An Orrick team, partnering with Redgrave LLP, played a key role in an amicus brief filed on behalf of Lawyers for Civil Justice in an important legal test for standards in litigation discovery disputes.
The amicus urged a California federal judge to lift an unusual $300,000 sanctions order against a leading tech company (U.S.), a third party to high-profile Federal Trade Commission antitrust actions brought against Qualcomm. The judge imposed the sanctions against the leading tech company (U.S.) for missing a deadline to produce documents sought in discovery by Qualcomm, the leading tech company (U.S.) competitor.
Lawyers for Civil Justice, a coalition of corporations, defense bar organizations and law firms promoting fairness in the civil justice system, argued in the amicus that the sanctions finding against the leading tech company (U.S.) was unduly harsh and would establish extraordinary precedent for document production related sanctions under civil litigation rules. The amicus was filed in connection with the leading tech company (U.S.)’s appeal of the sanctions order.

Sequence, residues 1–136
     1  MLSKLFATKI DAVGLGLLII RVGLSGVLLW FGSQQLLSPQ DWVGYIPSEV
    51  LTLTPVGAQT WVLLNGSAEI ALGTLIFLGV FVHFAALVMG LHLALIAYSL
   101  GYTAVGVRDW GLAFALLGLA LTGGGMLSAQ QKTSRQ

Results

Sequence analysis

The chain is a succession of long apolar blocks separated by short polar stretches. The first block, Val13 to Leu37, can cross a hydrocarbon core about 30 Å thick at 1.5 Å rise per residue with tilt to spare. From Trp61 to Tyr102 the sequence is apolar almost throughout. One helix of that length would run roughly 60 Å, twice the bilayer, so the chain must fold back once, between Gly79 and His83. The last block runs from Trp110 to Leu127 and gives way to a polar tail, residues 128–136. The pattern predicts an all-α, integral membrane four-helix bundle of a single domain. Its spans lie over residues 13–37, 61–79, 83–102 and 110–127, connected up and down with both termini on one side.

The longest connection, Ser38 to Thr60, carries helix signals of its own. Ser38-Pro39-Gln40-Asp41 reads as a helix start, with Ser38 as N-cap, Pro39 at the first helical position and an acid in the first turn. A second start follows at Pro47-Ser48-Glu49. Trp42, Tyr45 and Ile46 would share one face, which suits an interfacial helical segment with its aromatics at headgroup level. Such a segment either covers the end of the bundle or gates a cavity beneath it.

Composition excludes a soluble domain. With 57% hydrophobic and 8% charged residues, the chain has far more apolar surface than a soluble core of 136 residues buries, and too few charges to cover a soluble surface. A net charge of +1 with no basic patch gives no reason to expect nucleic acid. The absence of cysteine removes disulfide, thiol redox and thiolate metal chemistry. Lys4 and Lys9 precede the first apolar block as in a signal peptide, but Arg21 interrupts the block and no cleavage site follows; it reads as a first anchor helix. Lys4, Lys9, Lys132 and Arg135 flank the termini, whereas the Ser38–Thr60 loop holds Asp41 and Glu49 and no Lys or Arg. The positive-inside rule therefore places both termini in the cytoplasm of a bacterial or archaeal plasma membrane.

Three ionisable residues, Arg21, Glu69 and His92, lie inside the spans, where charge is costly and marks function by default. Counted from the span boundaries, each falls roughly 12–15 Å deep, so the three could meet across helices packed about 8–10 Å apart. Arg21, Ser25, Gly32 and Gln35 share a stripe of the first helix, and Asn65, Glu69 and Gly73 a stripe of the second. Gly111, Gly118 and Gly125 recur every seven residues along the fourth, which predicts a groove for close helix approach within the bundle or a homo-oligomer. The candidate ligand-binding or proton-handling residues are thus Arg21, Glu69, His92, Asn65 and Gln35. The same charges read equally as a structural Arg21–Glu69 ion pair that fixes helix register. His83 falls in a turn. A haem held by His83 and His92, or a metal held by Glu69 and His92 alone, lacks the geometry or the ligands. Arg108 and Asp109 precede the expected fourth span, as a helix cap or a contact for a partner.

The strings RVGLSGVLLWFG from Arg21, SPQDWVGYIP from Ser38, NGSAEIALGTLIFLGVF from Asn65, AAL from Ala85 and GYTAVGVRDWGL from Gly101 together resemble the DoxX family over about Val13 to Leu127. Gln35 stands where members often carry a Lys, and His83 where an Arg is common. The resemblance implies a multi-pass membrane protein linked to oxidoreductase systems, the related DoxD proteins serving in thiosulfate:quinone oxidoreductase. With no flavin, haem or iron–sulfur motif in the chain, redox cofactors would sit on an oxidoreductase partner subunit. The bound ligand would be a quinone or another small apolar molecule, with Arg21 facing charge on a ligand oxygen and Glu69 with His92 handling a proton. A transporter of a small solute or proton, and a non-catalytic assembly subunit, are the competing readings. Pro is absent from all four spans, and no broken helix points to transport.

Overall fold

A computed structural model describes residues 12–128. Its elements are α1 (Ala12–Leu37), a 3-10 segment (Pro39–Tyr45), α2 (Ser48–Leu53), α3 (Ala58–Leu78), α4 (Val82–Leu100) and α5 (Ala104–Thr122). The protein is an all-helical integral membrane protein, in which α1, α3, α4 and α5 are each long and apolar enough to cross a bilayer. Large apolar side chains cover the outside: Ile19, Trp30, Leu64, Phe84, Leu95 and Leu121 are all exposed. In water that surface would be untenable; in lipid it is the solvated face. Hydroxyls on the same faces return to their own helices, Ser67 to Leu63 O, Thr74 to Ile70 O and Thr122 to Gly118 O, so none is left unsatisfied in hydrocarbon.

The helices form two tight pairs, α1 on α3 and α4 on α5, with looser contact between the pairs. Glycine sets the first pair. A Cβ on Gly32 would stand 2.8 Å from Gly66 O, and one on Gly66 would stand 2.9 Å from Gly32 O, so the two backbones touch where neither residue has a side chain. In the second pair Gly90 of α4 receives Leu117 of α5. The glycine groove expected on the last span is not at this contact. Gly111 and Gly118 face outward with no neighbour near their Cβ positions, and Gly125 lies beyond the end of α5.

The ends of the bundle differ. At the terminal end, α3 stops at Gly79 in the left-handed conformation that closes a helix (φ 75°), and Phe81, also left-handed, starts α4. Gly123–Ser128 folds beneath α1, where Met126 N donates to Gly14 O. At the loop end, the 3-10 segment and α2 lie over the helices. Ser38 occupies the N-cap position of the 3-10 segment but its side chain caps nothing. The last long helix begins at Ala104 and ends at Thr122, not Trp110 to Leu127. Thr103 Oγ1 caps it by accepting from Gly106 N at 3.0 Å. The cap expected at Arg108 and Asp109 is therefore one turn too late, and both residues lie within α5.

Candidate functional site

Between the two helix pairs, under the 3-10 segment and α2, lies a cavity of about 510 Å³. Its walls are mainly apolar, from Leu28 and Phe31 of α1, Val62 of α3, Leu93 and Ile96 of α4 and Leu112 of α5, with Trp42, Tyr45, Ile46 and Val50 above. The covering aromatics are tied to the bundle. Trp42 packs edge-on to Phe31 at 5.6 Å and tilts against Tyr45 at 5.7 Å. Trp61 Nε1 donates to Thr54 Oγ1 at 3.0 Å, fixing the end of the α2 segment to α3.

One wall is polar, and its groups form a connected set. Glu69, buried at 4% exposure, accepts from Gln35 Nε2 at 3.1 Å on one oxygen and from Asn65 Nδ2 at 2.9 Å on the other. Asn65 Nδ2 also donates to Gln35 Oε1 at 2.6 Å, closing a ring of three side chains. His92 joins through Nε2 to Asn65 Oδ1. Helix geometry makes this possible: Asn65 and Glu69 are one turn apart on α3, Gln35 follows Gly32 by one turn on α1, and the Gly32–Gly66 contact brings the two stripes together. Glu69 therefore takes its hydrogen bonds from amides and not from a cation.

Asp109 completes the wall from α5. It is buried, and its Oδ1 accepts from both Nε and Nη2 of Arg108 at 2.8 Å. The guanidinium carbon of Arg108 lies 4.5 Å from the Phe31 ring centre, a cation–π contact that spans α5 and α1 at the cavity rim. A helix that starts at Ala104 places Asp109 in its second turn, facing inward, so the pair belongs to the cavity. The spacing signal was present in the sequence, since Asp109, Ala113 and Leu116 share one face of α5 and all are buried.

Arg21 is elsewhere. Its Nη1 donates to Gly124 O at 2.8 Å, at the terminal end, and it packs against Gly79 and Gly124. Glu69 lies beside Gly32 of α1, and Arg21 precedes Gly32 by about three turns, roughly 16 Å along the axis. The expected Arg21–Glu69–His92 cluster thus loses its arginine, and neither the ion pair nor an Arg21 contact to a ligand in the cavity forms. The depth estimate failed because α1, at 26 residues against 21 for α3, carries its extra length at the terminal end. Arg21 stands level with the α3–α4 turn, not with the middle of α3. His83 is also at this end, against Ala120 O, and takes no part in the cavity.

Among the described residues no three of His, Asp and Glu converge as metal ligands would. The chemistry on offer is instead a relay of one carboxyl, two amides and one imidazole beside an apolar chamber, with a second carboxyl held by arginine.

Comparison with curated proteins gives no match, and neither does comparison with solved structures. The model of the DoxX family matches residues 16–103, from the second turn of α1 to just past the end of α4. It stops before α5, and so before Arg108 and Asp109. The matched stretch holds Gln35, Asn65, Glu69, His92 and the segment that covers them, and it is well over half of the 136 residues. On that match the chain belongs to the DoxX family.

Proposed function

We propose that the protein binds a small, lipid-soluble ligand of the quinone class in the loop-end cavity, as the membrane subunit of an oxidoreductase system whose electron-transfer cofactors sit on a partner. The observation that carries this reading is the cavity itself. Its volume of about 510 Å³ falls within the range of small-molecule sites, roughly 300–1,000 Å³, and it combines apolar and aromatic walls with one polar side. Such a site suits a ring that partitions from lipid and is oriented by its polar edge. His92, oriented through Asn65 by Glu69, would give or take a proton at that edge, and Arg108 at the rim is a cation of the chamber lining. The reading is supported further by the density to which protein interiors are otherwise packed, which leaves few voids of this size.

“The sanctions order here is completely out of step with settled law and public policy as the sanction was imposed without adequate notice, without request, without any demonstration of prejudice, without need, without findings and, respectfully, without proper legal justification,” the LCJ brief stated.
"Lawyers for Civil Justice was compelled to submit an amicus brief in this case because the order contravenes the basic principles that discovery sanctions be imposed sparingly — generally only where deliberate misconduct caused prejudice to other litigants — and narrowly tailored to remedy the prejudice," LCJ General Counsel Alexander Dahl said in a statement. "If not set aside, this sanctions order will add unpredictability and invite gamesmanship in a way that is inconsistent with the direction the Supreme Court has been moving to reform practice under the Federal Rules of Civil Procedure."
Orrick’s amicus effort was led by IP partner Alyssa Caridis and Wendy Butler Curtis, chair of the firm’s eDiscovery and Information Governance Practice, and also included partner Mark Davies and associate Thomas Fu. They partnered with co-counsel from Redgrave LLP on the brief.